From Paris we pushed on to Compiegne, where the armistice was signed in World War I. There we had quite a fight to capture the town. I remember well the German sniper in the church tower shooting at the American soldiers by the town square. One of our men got shot, so I crawled out between the firing of the sniper and the American soldiers to take care of one of the wounded. The bullets were zinging past my body even though I kept as flat as possible. the one of the bullets hit my wristwatch, shattering it to pieces. It caused a small wound, leaving a small scar, but the watchband kept the bullet from penetrating my wrist. I just bound it up and kept on going.

After leaving Paris, we pushed on toward Luxembourg. We finally were given a week off to rest near the town of Stenay, France. I went into the town and there met the Cagneaux family. They invited me to dinner that evening. They were a wonderful family and were quite musical. Mr. Cagneaux played the violin, his wife was a good singer and their daughter played the piano and also the organ in the local Catholic church. Their daughter and I would both be at the piano with dad on the violin and mamma singing. We had a nice time together.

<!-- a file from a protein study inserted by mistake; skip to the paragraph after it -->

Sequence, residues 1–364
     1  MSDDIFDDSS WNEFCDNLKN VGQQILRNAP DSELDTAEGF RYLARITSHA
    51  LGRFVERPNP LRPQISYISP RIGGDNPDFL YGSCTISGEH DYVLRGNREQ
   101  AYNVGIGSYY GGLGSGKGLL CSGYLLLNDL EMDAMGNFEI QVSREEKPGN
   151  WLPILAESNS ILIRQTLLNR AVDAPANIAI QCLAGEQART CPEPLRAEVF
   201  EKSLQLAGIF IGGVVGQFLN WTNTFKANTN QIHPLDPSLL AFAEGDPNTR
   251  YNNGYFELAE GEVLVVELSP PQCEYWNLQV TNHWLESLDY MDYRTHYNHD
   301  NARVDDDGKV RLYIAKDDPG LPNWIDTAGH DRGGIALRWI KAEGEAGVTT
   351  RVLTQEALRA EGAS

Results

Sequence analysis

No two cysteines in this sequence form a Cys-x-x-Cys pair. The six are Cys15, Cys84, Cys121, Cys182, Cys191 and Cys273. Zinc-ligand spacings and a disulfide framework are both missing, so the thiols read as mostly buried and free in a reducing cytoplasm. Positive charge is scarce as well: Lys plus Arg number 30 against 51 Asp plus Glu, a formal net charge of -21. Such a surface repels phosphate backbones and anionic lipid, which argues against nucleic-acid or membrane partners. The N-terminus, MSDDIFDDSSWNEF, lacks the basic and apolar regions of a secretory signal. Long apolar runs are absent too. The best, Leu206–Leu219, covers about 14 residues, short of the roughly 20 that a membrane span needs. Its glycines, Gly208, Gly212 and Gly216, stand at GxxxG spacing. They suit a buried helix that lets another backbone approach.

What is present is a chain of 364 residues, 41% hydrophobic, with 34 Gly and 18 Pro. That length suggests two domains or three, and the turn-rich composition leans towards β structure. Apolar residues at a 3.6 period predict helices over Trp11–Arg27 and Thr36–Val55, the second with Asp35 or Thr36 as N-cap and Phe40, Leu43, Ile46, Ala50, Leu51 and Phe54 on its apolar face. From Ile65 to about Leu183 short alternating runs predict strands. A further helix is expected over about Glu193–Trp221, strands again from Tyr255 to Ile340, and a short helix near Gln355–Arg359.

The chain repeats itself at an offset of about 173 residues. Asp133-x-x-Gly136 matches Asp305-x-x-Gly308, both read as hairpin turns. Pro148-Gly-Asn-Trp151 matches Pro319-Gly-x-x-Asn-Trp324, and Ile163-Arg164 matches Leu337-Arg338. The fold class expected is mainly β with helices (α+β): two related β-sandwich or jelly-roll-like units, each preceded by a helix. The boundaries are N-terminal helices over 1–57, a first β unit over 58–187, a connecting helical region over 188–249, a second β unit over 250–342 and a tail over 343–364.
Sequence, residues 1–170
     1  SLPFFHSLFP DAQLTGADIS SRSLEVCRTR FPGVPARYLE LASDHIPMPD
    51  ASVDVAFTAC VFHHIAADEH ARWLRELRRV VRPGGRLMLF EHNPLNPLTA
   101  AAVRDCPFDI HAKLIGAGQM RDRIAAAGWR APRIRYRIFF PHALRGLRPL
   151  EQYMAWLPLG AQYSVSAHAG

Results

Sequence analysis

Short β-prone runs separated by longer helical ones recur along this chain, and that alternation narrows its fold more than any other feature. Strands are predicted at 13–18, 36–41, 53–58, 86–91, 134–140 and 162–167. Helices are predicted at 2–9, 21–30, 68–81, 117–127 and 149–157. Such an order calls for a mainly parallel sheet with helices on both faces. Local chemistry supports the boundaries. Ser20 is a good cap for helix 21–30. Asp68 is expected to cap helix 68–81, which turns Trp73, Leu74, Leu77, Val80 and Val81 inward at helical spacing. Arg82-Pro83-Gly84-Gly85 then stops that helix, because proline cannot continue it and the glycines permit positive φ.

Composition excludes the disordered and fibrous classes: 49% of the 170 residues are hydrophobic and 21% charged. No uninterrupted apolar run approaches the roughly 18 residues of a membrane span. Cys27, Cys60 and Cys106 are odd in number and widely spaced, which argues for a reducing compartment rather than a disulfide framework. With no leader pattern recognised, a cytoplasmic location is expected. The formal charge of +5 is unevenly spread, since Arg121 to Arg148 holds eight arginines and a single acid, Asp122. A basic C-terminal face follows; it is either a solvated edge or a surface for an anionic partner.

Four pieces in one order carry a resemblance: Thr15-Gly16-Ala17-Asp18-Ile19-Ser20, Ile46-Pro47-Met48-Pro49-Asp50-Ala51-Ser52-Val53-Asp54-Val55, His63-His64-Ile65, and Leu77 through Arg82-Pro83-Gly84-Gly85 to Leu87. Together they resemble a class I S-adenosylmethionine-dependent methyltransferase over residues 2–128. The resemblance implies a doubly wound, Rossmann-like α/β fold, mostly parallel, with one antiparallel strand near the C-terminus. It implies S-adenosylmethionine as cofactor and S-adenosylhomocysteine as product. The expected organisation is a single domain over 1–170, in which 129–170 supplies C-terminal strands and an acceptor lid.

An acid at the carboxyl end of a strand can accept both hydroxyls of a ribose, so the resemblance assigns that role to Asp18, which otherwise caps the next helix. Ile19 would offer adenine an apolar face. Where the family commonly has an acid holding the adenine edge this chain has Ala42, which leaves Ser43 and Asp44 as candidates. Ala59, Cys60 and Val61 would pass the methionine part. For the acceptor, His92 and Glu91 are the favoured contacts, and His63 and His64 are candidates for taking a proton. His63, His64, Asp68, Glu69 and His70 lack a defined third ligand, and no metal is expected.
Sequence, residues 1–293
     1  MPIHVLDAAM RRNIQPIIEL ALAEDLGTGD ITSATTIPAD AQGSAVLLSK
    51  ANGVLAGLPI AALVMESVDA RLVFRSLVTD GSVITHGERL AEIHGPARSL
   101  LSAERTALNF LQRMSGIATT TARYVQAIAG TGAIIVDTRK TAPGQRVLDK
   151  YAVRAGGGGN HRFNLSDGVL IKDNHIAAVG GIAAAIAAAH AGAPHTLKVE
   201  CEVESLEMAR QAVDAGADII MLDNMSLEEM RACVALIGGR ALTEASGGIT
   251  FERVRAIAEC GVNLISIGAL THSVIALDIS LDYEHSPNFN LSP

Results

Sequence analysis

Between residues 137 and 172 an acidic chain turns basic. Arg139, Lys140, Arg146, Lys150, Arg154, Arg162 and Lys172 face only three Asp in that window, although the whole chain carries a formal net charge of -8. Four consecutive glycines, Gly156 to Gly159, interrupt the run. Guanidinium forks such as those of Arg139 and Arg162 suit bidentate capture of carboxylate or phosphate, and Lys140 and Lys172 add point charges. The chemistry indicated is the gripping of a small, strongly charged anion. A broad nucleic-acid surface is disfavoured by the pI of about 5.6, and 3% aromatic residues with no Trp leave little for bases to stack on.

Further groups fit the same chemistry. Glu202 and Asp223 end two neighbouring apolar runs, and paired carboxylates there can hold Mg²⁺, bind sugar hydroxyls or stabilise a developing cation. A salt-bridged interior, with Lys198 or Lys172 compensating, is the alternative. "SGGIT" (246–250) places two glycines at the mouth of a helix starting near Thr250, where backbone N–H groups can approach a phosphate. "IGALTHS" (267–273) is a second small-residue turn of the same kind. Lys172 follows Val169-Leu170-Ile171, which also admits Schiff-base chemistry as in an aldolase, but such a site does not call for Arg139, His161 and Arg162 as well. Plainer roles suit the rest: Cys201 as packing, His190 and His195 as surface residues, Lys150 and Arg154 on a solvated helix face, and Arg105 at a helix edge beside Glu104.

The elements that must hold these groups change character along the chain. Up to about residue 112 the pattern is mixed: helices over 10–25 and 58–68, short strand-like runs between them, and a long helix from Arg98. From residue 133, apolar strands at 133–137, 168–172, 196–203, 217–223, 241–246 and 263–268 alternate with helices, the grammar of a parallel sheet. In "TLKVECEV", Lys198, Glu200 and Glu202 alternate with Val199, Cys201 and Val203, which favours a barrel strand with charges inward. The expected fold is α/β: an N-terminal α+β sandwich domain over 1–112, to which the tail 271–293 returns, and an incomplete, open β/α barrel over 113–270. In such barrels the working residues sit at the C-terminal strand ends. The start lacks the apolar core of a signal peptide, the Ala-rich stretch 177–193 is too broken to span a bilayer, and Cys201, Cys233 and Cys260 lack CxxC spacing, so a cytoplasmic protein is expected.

They invited me to come over each night as long as our outfit stayed in the area, so I did. The daughter, who was learning English, would write a paragraph in English and I would correct it. She would do the same for me when I wrote in French. Mr. Cagneaux gave me an old French/English dictionary printed in Scotland by a steam press. I still have it. The day we said good-bye, he gave me a picture of himself with his dog. We hated to part.